Supervision of Banks and Nonbanks Operating through Agents: Practice in Nine Countries and Insights for Supervisors
To date, limited research has been undertaken about how providers identify, classify, and manage risks related to the use of agents and how supervisors assess providers for that matter. Further, this is an area that continues to develop rapidly alongside the dynamic path of evolution of financial inclusion through digital means and the increasing types of institutions for which supervisors are becoming responsible. At the same time, supervisory resources are a constraint in many developing countries where agents are being used in increasing scale. This paper therefore provides an early attempt to help supervisors implement an effective risk-based approach to agent supervision that considers the linkages among the main policy objectives of financial inclusion, stability, integrity, and consumer protection.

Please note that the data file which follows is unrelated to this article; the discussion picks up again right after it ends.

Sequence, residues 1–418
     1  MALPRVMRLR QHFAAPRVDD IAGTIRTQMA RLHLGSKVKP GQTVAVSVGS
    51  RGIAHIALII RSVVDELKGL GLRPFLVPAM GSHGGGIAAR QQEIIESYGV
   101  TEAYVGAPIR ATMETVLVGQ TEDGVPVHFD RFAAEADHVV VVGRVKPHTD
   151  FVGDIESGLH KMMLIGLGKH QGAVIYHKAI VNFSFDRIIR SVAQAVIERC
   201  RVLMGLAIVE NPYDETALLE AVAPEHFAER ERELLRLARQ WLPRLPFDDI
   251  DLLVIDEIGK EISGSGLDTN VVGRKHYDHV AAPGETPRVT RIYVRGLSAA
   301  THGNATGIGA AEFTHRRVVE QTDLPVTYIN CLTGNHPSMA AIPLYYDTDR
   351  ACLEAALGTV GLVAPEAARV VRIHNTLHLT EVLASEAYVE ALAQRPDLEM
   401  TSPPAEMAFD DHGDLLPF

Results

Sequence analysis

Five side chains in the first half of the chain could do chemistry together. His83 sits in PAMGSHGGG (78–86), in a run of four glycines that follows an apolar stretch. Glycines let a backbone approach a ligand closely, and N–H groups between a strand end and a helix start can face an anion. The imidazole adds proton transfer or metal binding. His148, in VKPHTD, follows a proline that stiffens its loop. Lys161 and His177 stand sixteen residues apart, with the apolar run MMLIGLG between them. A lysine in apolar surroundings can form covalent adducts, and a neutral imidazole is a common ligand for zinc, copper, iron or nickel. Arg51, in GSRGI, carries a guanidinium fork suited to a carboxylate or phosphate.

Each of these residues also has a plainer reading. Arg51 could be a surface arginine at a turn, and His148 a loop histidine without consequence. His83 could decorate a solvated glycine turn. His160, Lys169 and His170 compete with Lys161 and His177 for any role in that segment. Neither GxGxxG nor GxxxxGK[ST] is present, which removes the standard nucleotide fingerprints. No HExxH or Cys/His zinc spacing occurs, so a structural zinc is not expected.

This paper draws from research conducted on a sample of nine “leading” countries, defined as having large, diverse agent networks that continue to grow rapidly and where business models are evolving fast (Brazil, Colombia, Kenya, Mexico, Pakistan, Peru, the Philippines, Tanzania, and Uganda). While the paper describes aspects of the supervisory practices in these countries, it also draws from review of literature about other markets (including developed economies when relevant), international guidance, and standards for financial supervision (e.g., those set forth by the Basel Committee on Banking Supervision, the Joint Forum, the Financial Stability Board, and the Committee on Payments and Market Infrastructures).